|The south-facing bank in a nearby churchyard|
|The bee-fly Bombylius major|
|Andrena cineraria - an attractive black and white ground-nesting species|
|Nomada lathburiana showing the yellow spots and bands seen in several species of this genus.|
|Nomada flavoguttata - note the reddish-brown bands on the abdomen, including a pair of tiny yellowish dots (the species name means 'yellow spots').|
|Andrena minutula crawling underneath leaves.|
|Andrena flavipes flying away from its burrow|
So, I hope these observations have reinforced the importance of sunny banks as invertebrate habitat - including for our often-declining, yet essential, populations of pollinators. If you have a little spare space in your garden or another piece of land, why not add a little bank - even a small one will attract invertebrates.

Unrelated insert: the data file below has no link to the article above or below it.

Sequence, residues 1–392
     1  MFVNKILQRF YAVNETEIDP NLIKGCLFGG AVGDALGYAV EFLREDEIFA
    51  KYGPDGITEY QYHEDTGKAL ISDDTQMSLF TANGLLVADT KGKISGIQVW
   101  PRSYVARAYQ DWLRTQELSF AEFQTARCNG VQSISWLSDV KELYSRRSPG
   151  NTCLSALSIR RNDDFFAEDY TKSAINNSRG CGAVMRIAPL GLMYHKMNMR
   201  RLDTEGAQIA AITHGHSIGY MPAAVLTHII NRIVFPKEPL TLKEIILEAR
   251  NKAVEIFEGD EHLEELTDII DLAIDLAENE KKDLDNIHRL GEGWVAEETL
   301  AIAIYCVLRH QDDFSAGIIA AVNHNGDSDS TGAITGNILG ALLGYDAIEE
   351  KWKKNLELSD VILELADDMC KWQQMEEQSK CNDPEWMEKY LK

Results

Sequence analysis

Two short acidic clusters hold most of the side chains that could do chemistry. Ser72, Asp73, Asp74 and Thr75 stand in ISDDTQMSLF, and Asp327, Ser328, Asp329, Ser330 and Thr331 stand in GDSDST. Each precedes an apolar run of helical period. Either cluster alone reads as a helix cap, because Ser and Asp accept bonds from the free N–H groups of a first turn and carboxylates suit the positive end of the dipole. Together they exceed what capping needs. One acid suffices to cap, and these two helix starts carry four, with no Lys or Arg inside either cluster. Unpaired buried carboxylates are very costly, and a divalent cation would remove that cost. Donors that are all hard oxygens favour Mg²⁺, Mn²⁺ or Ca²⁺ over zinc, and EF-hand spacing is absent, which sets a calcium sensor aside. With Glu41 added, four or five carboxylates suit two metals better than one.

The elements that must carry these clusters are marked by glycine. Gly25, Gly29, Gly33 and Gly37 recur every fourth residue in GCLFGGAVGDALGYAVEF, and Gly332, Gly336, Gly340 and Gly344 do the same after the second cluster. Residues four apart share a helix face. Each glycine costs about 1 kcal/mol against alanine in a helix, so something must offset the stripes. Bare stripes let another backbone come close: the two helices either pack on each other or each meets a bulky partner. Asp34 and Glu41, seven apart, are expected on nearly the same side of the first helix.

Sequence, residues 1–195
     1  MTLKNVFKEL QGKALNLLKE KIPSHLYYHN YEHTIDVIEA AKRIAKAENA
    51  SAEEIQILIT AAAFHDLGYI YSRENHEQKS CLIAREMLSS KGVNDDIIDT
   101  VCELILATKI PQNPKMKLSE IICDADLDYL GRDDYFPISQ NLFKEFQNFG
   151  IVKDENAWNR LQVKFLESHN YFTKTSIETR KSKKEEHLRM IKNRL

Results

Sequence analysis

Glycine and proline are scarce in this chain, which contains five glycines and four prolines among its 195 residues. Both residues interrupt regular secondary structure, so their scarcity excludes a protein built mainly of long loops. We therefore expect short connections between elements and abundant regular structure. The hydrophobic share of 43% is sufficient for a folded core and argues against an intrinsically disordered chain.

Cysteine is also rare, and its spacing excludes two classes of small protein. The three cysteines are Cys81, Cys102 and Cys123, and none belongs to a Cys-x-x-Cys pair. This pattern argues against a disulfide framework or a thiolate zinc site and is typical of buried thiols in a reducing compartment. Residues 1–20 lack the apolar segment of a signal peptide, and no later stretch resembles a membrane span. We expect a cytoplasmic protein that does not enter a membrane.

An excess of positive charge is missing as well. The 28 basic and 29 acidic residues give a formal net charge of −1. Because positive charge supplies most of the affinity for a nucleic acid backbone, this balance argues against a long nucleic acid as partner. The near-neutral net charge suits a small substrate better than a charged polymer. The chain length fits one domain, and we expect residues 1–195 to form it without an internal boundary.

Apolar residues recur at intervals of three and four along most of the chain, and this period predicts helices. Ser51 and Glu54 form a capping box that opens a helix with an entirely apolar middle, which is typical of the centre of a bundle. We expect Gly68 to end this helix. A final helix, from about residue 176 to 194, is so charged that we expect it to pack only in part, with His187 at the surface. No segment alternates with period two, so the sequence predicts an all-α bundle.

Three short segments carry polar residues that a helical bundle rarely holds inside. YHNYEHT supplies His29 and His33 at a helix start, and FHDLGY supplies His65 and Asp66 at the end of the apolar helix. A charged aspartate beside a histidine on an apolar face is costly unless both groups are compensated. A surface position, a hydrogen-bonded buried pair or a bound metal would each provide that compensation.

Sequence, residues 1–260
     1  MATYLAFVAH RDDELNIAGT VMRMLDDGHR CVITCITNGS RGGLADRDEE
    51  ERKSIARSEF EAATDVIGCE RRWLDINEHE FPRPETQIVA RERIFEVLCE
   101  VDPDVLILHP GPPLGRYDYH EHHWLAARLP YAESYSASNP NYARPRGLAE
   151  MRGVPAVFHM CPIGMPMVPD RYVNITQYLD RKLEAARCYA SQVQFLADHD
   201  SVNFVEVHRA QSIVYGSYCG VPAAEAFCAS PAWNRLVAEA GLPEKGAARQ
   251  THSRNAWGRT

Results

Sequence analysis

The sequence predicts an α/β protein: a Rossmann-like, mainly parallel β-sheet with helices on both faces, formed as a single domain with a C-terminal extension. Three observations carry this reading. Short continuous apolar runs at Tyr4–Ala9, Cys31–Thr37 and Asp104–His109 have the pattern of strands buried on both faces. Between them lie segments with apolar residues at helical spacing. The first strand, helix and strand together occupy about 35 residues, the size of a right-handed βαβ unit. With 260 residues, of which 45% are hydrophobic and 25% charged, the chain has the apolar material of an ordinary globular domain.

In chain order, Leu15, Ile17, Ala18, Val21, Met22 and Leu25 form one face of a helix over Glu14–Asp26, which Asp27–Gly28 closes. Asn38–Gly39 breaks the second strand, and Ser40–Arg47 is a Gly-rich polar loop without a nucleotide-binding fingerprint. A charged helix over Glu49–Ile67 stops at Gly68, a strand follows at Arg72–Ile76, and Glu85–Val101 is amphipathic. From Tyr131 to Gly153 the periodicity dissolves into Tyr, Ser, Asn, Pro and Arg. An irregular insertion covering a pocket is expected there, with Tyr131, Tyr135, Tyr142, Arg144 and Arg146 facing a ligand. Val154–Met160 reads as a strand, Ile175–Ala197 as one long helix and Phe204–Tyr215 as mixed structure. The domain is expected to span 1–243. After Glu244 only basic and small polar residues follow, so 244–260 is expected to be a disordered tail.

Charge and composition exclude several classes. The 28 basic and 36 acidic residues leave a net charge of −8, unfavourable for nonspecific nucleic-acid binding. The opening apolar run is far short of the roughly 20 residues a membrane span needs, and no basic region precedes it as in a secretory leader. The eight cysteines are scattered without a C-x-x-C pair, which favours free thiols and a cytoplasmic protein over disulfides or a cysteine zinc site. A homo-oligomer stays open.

|An insect's-eye view of the bank with A. cineraria flying overhead.|
Baldock, D.W. (2008). Bees of Surrey. Surrey Wildlife Trust, Pirbright.
Kirby, P. (2001). Habitat Management for Invertebrates: a Practical Handbook (revised reprint). RSPB, Sandy.